Supreme Court Ruling Continues to Leave Questions for LGBT Couples

By Chris Hoenig


Flag photo by Shutterstock

The Supreme Court’s decision invalidating the Defense of Marriage Act (DOMA) in late June was supposed to give same-gender married couples both hope and added federal benefits. But more than a month later, roadblocks and hurdles still remain, many as a result of the Supreme Court’s other big decision that day. So what should LGBT couples do while they wait in limbo

“Unfortunately, the answer is a bit gray right now,” Wells Fargo Advisors (Wells Fargo is No. 25 in the 2013 DiversityInc Top 50) First Vice President Investment Officer Kyle Young told DiversityInc. He says his own personal opinion is two-fold: “One, wait to see how the IRS decides to rule on the issue and two, find a good CPA to sit down with to determine how this will all impact their specific situation.”

The Supreme Court’s ruling (or lack of) on California’s Prop 8 means states are still left to individually decide not only whether to legalize same-gender marriage, but also whether to recognize the nuptials of LGBT couples that took place in states where marriage is legal. “One of the big issues is the particular agency. There is no federal definition of what a ‘spouse’ is. Each benefit program we’re talking about has its own definition of ‘spouse,'” attorney Bill Singer, partner at law firm Singer & Fedun, LLC, told DiversityInc.

“Financial implications depend on if you’re in a recognition state or a nonrecognition state. So there’s a lot of ‘It depends,'” said financial advisor Kate Sweeney, who joined Singer at a Rutgers University event to discuss the still-evolving impact of the Supreme Court’s decisions on finances and family law for LGBT couples and their families. Sweeney is co-founder of the Rutgers University Bisexual, Gay, Lesbian and Transgender Alumni/ae Association (RU Bi-GLATA).

The IRS and Social Security Administration (SSA), for example, have historically determined a spouse by the legal definition of marriage in the couple’s state of residency. Under the current guidelines, an LGBT couple legally married in New York or California but living in a state such as Kansas, which does not recognize marriages, civil unions or domestic partnerships of same-gender couples, is not viewed as a married couple by those federal agencies. As of this writing, the SSA’s handbook has not been updated and still defines a spouse under DOMA’s restrictions, though the agency does say it is working to determine the path forward.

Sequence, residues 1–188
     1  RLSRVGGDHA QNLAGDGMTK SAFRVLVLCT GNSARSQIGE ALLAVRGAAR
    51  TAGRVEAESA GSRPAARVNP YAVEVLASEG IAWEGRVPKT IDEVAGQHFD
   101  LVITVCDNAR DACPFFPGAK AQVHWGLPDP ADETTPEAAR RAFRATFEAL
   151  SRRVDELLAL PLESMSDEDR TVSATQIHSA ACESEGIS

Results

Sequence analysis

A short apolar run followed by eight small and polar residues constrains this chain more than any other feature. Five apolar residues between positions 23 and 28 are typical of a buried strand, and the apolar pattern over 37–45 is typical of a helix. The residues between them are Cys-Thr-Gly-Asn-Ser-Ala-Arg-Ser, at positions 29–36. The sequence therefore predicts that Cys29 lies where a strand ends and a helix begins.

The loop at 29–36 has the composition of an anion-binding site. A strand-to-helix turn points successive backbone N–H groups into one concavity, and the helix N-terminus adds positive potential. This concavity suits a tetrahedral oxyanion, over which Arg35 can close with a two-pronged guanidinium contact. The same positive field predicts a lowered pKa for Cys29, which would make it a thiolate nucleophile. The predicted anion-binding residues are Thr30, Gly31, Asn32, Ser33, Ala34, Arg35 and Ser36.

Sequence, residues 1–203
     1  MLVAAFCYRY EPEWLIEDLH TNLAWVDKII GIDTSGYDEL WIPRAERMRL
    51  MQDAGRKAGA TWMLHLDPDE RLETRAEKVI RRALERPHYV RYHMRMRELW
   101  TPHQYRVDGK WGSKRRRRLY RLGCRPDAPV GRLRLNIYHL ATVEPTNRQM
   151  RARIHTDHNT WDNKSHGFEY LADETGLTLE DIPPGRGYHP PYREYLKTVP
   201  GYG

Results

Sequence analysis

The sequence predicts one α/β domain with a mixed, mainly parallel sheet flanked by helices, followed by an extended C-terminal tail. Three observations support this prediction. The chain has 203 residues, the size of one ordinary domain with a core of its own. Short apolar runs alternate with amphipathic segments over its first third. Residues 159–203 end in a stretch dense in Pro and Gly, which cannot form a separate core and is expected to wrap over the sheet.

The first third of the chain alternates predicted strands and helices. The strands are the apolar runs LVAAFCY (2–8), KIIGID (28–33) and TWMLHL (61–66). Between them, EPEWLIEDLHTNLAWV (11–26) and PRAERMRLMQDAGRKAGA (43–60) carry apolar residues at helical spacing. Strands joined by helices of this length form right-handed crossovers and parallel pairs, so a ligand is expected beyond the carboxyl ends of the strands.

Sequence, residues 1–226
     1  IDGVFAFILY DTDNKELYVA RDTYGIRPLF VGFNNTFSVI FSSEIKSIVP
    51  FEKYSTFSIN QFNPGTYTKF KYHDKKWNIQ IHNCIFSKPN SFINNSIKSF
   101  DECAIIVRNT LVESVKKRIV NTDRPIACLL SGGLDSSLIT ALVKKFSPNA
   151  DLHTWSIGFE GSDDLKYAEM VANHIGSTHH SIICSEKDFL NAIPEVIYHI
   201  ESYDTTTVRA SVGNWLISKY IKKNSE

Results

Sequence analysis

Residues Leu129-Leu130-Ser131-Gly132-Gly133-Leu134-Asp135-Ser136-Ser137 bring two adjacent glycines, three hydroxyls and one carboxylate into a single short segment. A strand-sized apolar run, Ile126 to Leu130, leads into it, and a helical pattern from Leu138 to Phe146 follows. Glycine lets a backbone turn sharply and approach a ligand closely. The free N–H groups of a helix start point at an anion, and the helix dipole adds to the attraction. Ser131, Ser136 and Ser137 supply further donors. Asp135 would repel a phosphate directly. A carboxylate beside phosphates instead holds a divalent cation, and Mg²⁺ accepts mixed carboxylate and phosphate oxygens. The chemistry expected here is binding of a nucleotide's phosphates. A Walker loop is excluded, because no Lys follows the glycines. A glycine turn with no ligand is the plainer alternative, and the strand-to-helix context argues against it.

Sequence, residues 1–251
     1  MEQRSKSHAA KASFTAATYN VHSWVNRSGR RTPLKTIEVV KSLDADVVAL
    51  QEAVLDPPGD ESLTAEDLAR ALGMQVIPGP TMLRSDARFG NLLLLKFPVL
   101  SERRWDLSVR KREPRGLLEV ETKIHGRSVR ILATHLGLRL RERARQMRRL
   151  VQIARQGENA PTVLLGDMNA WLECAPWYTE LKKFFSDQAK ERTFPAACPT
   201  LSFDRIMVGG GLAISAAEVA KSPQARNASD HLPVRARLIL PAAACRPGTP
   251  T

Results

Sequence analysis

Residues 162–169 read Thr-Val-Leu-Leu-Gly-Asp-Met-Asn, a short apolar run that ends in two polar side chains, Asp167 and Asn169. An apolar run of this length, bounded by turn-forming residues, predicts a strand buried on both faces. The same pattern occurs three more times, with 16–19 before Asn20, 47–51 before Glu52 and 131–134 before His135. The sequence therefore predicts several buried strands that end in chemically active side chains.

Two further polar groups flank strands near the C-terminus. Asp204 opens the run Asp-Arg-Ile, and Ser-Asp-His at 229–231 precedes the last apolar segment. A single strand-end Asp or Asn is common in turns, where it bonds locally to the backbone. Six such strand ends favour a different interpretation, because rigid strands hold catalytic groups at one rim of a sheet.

Other agencies, however, determine a spouse by the couple’s state of celebration, meaning the legality of their marriage in the state where the ceremony took place. These include the Department of Defense, Department of Veterans Affairs, Office of Personnel Management, and Immigration and Customs Enforcement. “Any binational couplewhere one person was in the United States but out of statusif they are married, the foreigner will now be able to apply for getting a green card. That’s an immediate benefit,” Singer said.

The ambiguity in defining the term spouse at the federal level is something many advocates have begun to fight to end. New York State Comptroller Thomas DiNapoli sent a letter to President Obama last month requesting that place of celebration be used to define federal laws involving spouses. “What we need now is a broad acknowledgment by the federal government that validly married same-sex spouses are to be recognized and treated as spouses in interpreting federal laws that benefit spouses, regardless of where they live,” he said.

Despite the real and potential benefits for LGBT couples, limitations remain clear. “On the state level [in New Jersey], the [civil union] is equivalent to a marriage, but not in the eyes of the federal government,” Young adds. And Singer says he doesn’t expect that to change any time soon. “Many of the couples in New Jersey have chosen to get married, rather than do civil unions, so they may have access to some of the federal rights,” he said. “But as far as civil unions or domestic partnerships, at this point, we don’t expect there to be any federal recognition of those relationships in order to benefit from these federal laws.”

LGBT couples can get financial insight in our monthly Wells Fargo LGBT Financial Guide, including this month’s column by Young on what the DOMA ruling could mean for your IRA.

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